Some Smart drivers are getting a break in London. Smart has negotiated an agreement with National Car Parks, which runs England's largest parking lot chain. The deal: A driver of a Smart City car using National's lot on London's west side gets a 25 percent discount. An electronic sensor at the entrance recognizes a Smart car and issues a discount-rate ticket. Says a spokesman for National, "We acknowledge the real contribution Smart is making to solving some of the issues facing motorists."
GREEN AND RECYCLED - Toyota Motor Sales U.S.A. was given an award from the U.S. Green Building Council for its new 624,000-square-foot campus in Torrance, Calif. The buildings house about 2,000 workers and feature high-efficiency insulation, a solar-electric system that could power 500 homes and a water-recycling system for toilet flushing and irrigation. The buildings were constructed of 95 percent recycled materials. The steel used in the construction came from recycled automobiles.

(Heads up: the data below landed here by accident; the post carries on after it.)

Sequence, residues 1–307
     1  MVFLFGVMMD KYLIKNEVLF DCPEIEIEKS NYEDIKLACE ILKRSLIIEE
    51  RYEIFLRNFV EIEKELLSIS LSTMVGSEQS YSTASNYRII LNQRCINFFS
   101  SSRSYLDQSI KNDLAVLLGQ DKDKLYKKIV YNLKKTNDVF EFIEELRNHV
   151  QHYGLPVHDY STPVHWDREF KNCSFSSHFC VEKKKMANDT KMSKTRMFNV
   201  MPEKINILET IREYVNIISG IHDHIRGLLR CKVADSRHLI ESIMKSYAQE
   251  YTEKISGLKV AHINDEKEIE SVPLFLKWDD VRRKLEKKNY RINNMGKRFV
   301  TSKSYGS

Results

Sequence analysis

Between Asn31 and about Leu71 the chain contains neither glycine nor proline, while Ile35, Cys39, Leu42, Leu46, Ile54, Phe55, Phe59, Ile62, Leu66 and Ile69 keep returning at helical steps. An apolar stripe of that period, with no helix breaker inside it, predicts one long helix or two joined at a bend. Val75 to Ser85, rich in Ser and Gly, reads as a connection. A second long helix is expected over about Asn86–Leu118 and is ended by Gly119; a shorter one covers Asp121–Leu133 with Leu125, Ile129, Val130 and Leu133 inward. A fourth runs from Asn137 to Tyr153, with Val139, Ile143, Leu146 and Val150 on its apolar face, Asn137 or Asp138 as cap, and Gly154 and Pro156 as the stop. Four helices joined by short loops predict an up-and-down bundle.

SHARING THE LIMELIGHT - Ford Motor Co. won't be the only brand in the spotlight at its 100th birthday party next month. But it has only itself to blame - or credit, depending on your point of view. That's because it has named another brand icon, Coca-Cola, as the official beverage of Ford's 100th anniversary celebration. Coke even developed a commemorative eight-ounce bottle for the event. And, believe it or not, there was one for sale on eBay last week. The starting bid: $9.99.
MINI STORY, PART 1 - Mini may be a hot nameplate, but it still gets complaints. In fact, it ranks near the bottom of the latest J.D. Power and Associates study on initial quality. (See story, Page 27.) In a speech in Detroit last week, Jack Pitney, general manager for Mini USA, acknowledged Mini's problems, saying owners' No. 1 complaint was about cupholders. "There's nothing fundamentally wrong with the cupholders," he said. "It's just the actual placement of the cupholders is such that you can't get a tall Starbucks latte into the cupholder." Pitney said that until a redesign, Mini is appeasing owners by sending them cups that will fit in the holders. They also get a letter that Pitney said reads: "We screwed up. We know that you guys don't like our cupholders. Hopefully now you can fit that latte in your Mini."
MINI STORY, PART 2 - Pitney also shared this figure with his Detroit audience: The average $500,000 investment needed to open a U.S. store generated $1.2 million in additional gross profit for each dealership. Mini entered the U.S. market last year with 70 franchises. All are stand-alones.